In Luke 12:51-53, Jesus tells his disciples:
“Do you think that I have come to establish peace on the earth? No, I tell you, but rather division. From now on a household of five will be divided, three against two and two against three; a father will be divided against his son and a son against his father, a mother against her daughter and a daughter against her mother, a mother-in-law against her daughter-in-law and a daughter-in-law against her mother-in-law.”
What do the family dynamics within this divided household look like? For starters, exactly how many people are we talking about? St. Ambrose (337-397 AD) clarifies this point:
“Though the connection would seem to be of six persons, father and son, mother and daughter, mother-in-law and daughter-in-law, yet are they five, for the mother and the mother-in-law may be taken as the same, since she who is the mother of the son, is the mother-in-law of his wife.”
Jesus describes these five persons as divided into two factions, “three against two and two against three.” We learn from his further details that the father opposes his son, while the mother opposes the other two females. Depending on whether this father and mother are allied or not, their household could be divided in two possible patterns.
Figure 1 shows the family split generationally, with the parents set against the children. In Figure 2, the fractures cut between the couples. (Jesus not mentioning marital strife suggests the first interpretation and this is the favored reading of St. Bede,1 yet the ambiguity of these passages may well be intentional.2) In any case, Jesus is the occasion for this household’s divisions. One side (either the blue or the orange) rejects him while the other acknowledges him as Lord. Sometimes one’s allegiance to Christ leads to interpersonal conflict, even within families.
This prompts St. Ambrose to ask:
“Are we to believe that [our Lord] has commanded discord within families? How is he our peace, who has made both one? How does he himself say, ‘My peace I give you, my peace I leave you,’ if he has come to separate fathers from sons and sons from fathers by the division of households? How is he cursed who dishonors his father and devout who forsakes him?”
St. Ambrose unknots the seeming paradox in this way:
“It is necessary that we should esteem the human less than the divine. If honor is to be paid to parents, how much more to your parents’ Creator, to whom you owe gratitude for your parents! … He does not say children should reject a father but that God is to be set before all. … You are not forbidden to love your parents, but you are forbidden to prefer them to God.”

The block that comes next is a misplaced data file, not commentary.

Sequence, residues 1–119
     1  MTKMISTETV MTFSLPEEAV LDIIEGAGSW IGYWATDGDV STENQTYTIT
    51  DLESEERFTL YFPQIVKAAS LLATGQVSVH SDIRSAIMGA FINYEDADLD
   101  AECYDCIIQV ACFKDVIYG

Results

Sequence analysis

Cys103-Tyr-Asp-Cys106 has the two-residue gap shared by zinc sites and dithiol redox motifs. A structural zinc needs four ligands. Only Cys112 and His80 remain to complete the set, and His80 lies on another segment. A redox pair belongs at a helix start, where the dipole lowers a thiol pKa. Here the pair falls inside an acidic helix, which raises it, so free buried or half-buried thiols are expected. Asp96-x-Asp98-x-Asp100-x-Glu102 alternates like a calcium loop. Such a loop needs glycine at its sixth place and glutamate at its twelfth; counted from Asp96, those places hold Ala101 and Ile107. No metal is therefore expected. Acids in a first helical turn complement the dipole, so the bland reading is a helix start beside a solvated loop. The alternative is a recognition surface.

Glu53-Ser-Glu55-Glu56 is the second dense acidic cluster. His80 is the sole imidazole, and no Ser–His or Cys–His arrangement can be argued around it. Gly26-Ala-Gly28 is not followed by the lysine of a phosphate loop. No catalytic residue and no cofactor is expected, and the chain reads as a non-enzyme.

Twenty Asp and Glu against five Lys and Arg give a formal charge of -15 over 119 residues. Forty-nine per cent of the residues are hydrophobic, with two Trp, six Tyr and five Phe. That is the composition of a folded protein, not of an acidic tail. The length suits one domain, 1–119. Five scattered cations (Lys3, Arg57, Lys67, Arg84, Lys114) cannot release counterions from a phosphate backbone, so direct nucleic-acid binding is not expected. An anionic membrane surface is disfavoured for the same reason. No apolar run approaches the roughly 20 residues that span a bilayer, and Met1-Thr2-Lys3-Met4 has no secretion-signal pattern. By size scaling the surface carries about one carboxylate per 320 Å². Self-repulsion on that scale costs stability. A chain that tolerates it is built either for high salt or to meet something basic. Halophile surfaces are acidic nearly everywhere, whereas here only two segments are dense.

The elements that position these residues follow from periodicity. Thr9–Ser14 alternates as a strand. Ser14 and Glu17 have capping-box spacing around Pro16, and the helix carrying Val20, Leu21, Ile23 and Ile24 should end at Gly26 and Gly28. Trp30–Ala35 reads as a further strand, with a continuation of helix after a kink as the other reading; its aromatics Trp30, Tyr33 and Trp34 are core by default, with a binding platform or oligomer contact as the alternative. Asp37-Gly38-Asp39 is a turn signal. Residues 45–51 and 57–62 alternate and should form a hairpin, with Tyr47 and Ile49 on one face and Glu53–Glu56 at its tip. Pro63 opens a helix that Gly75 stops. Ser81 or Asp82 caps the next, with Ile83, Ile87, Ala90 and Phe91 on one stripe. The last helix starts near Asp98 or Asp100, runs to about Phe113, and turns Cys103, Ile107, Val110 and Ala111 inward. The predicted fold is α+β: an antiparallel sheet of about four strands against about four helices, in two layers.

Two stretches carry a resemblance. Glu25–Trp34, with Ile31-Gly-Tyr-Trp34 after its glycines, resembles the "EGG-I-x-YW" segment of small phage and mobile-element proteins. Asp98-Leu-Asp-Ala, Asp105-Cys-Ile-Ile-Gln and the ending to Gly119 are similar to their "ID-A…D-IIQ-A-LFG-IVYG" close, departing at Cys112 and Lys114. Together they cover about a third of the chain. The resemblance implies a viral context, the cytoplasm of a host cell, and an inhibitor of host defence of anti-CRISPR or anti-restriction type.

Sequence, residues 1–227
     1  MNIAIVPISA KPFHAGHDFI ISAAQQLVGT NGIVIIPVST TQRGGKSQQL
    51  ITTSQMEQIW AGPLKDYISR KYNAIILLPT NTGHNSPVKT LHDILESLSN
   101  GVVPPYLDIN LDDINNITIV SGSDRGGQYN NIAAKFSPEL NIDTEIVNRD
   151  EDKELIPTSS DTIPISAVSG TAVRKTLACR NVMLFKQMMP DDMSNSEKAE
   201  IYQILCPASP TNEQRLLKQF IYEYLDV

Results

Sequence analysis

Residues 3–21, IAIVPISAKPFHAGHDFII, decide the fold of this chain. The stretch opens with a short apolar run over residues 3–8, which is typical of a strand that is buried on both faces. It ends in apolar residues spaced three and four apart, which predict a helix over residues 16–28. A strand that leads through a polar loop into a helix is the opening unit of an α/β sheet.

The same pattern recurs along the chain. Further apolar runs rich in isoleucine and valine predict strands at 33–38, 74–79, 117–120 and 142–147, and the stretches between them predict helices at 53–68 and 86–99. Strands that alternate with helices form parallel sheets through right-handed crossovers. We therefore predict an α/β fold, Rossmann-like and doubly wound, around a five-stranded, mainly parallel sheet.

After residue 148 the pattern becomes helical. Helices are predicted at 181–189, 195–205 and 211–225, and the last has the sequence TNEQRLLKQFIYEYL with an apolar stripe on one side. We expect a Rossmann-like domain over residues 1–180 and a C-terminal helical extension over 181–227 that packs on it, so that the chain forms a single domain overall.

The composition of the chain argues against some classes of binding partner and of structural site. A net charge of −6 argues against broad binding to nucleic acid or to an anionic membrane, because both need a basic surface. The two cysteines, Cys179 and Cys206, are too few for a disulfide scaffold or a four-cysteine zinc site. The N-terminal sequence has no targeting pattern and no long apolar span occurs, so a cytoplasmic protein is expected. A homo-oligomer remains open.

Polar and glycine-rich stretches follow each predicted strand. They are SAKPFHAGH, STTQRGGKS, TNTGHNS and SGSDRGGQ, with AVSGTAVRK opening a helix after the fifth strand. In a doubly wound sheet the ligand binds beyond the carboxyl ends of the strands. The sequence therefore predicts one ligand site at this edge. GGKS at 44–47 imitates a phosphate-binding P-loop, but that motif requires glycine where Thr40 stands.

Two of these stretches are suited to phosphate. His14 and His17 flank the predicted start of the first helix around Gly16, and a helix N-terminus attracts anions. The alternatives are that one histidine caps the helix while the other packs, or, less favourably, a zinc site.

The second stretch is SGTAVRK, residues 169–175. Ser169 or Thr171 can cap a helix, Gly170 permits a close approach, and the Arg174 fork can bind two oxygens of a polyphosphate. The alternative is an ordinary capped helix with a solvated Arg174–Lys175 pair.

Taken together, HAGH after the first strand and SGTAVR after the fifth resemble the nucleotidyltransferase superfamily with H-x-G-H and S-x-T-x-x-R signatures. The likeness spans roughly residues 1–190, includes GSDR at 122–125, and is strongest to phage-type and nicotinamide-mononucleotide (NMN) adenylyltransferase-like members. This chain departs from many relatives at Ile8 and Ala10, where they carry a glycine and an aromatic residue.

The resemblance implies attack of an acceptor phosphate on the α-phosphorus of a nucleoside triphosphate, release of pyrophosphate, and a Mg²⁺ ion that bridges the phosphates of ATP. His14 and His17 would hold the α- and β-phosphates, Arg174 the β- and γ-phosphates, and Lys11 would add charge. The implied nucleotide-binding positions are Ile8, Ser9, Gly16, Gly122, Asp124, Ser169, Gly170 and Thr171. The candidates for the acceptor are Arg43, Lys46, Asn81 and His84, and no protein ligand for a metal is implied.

People sometimes hesitate to commit to Christian lifestyle changes, pursue their God-given vocations, or enter Christ’s Catholic Church because they fear the reactions of family, friends, or others. But even if following Jesus Christ entails sacrifices, these persons should not be afraid to place God first. Notice how the Lord does not say “five will be divided, four against one and one against four.” When three unbelievers pit themselves against two faithful ones, the pair are blessed with each other’s support. Should your family disown you, the Lord will summon faithful friends to your side. Even if your friends should leave you, the Lord provides you with the household of believers in his Church. Even if your parish community should fail to welcome or support you, the Lord will not make you stand alone — for Jesus Christ is always at your side and will never abandon you.
1. St. Bede (672-735 AD) assumes Figure 1 for his allegorical interpretation of the Divided Household:
“By three are signified those who have faith in the Trinity, by two the unbelievers who depart from the unity of the faith. But the father is the devil, whose children we were by following him, but when that heavenly fire came down, it separated us from one another, and showed us another Father who is in heaven. The mother is the Synagogue, the daughter is the Primitive Church, who had to bear the persecution of that same synagogue, from whom she derived her birth, and whom she did herself in the truth of the faith contradict. The mother-in-law is the Synagogue, the daughter-in-law the Gentile Church, for Christ the husband of the Church is the son of the Synagogue, according to the flesh. The Synagogue then was divided both against its daughter-in-law, and its daughter, persecuting believers of each people. But they also were divided against their mother-in-law and mother, because they wished to abolish the circumcision of the flesh.”
2. Perhaps our Lord (in preaching these words) and the Holy Spirit (in inspiring these Lucan passages) fully-intended this ambiguity. By providentially allowing for both readings (i.e., Figures 1 & 2) this teaching can reflect more varieties of interfamily conflict: spousal, sibling, in-law, parental and filial.